In the hunt

OK guys, here's the way it shook out today.

I started off fishing Plan A. That was the power fishing pattern that I developed as a backup pattern on Wednesday. I thought that was the way to catch the fish I needed to win. But, after three hours and with only one small fish in the boat, I decided to go with Plan B. That was my finesse pattern that I developed earlier in my practices.

The reason I switched was simple. Plan A just didn't feel right. It seemed like the right idea this morning at daylight but after a while I sensed that it wasn't going to get the job done. It wasn't just that I wasn't getting the bites. There was more to it than that.

Something else was going on. I can't put my finger on exactly what that something was but it was there. I could feel it. Sometimes you have to go with your instincts. Decision making on the water isn't a science, at least not in the conventional sense of the word. It's often based on experience, on a feeling.

I think that's where a lot of guys make mistakes. They don't trust their feelings and their gut. They're afraid to follow their instincts. It's easy to make this fishing business tougher than it really is. You have to be careful about that. Go with your gut. You'll be right 90 percent of the time.

Another common mistake many anglers make is not having enough options. In a three day tournament you should have at least two plans of attack. Three or four is much better. Multiple patterns serve two purposes — they help you catch fish and they give you confidence when things get tough, as they often do. That, in turn, also helps you catch fish.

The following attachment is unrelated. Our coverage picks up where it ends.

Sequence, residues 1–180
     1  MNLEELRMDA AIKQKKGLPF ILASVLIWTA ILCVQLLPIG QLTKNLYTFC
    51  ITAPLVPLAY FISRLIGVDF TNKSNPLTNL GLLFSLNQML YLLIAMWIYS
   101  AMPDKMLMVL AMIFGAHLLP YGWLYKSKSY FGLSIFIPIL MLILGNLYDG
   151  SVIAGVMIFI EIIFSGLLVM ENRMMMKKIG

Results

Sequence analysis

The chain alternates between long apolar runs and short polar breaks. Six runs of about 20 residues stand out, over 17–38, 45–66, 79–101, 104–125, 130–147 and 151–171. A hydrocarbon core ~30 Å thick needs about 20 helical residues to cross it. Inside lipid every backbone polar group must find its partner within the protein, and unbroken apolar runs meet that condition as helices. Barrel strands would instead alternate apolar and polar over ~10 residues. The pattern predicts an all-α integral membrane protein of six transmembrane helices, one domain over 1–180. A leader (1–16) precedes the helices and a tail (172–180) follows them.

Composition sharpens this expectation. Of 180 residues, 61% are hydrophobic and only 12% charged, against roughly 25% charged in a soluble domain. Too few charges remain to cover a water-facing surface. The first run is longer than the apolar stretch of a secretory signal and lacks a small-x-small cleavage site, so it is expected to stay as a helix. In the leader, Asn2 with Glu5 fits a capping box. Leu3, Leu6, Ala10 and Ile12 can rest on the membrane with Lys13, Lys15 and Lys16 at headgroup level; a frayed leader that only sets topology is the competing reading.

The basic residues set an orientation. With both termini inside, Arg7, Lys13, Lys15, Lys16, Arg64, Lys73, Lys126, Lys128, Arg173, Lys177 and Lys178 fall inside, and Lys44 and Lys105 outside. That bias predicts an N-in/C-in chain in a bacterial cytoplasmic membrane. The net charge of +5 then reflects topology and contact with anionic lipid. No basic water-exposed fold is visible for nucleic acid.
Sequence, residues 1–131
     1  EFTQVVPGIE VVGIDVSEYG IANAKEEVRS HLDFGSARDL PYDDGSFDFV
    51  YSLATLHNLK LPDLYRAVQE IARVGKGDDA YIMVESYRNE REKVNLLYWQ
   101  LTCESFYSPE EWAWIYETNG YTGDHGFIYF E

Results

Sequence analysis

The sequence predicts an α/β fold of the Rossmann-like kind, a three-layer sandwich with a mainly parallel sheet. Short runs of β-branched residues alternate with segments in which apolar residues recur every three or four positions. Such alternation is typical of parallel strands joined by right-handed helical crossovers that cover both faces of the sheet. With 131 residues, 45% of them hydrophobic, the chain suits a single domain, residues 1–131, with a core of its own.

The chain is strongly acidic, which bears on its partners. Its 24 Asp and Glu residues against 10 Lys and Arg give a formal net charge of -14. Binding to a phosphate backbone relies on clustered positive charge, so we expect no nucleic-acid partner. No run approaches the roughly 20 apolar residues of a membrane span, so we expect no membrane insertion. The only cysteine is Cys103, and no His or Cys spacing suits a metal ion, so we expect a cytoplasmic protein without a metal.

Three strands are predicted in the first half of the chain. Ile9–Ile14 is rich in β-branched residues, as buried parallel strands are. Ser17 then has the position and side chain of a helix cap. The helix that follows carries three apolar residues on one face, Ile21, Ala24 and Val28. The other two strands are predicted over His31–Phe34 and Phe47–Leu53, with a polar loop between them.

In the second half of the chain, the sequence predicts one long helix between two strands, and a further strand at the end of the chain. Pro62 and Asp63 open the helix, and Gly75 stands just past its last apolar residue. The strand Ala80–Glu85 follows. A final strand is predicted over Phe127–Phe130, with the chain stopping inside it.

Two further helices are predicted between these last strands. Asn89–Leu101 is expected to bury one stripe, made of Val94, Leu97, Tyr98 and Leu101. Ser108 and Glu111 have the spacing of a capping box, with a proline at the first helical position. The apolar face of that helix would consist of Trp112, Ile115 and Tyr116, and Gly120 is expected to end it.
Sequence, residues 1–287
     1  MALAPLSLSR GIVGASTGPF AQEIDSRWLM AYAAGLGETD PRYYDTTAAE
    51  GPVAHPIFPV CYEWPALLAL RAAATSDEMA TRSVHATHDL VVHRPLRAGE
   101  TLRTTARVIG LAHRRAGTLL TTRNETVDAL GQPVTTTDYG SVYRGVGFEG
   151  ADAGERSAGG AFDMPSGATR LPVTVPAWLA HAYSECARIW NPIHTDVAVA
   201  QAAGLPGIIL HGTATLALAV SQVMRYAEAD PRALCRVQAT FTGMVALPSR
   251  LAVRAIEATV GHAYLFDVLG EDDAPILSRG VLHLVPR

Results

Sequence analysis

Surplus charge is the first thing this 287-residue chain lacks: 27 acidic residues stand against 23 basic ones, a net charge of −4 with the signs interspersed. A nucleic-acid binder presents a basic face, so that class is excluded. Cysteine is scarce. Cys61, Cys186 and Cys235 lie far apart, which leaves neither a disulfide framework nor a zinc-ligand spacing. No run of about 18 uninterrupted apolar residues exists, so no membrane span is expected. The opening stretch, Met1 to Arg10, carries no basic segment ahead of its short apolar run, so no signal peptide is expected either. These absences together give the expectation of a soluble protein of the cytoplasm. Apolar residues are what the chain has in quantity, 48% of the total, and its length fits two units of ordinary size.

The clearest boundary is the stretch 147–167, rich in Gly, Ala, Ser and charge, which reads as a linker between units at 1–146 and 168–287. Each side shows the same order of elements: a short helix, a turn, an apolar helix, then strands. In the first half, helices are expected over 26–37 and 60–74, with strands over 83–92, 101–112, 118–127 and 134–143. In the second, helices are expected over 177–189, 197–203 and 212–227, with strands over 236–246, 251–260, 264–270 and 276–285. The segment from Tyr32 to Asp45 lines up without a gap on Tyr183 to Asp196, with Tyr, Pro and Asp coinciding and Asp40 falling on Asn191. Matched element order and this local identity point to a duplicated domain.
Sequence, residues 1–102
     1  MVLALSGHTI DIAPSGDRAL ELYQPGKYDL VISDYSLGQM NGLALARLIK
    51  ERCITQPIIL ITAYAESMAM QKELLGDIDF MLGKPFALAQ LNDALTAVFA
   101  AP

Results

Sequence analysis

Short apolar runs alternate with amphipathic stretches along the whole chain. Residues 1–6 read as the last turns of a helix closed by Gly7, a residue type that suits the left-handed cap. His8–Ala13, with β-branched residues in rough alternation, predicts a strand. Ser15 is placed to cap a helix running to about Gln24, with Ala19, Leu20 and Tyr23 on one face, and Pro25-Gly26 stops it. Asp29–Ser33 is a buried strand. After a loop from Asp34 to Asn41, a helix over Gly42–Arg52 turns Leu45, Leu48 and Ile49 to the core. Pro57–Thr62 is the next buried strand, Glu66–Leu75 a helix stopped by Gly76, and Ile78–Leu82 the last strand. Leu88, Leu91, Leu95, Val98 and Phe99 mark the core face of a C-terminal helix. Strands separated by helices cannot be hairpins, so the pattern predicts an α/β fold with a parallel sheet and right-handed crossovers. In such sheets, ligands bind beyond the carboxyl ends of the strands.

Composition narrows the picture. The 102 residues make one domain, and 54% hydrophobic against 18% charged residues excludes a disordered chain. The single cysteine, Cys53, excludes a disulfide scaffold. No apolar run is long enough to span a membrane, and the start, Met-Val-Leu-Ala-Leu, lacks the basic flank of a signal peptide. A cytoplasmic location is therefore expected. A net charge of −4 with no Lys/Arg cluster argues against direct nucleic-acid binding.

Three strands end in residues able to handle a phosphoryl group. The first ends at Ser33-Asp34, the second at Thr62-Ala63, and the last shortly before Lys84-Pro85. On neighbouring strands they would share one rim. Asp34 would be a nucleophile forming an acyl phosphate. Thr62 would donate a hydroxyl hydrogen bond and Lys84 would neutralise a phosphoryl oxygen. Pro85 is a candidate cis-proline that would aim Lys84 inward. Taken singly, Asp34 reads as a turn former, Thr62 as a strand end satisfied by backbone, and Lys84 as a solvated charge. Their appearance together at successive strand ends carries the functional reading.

The fish catching part is obvious. If they're not biting, try something else. The confidence part should be obvious, but all too often it isn't. When you have options you have choices. When you have choices you don't panic and your decision making process isn't ruled by fear. It's ruled by reason and instinct.

Back to the tournament: Thanks to my change in strategy I ended up with 14 pounds, 9 ounces including big bass of the day. (A 6-pound, 10-ounce honey caught later in the afternoon on Plan B.) That puts me an ounce short of 5 pounds behind the leader, Kevin VanDam. I'm well within striking distance if my fish hold up.

I think we're all a little surprised by the weights. Most of us thought they'd be a lot less than they were today. With the weather scheduled to improve and the bite the way it is I think the weights will go up on Saturday, and Sunday could be a serious blowout. That's a different scenario, isn't it? Weights don't usually go up as a tournament progresses. They usually go down.

This thing will probably go down to the wire. I don't think we'll know who won until very late Sunday afternoon. There are a bunch of guys still fishing who can catch them and who know how to fish a high-pressure tournament. Who knows what'll happen, or who'll get on them before it's over. It'll be an interesting weekend, no doubt about that.

I'll post again tomorrow after the weigh-in.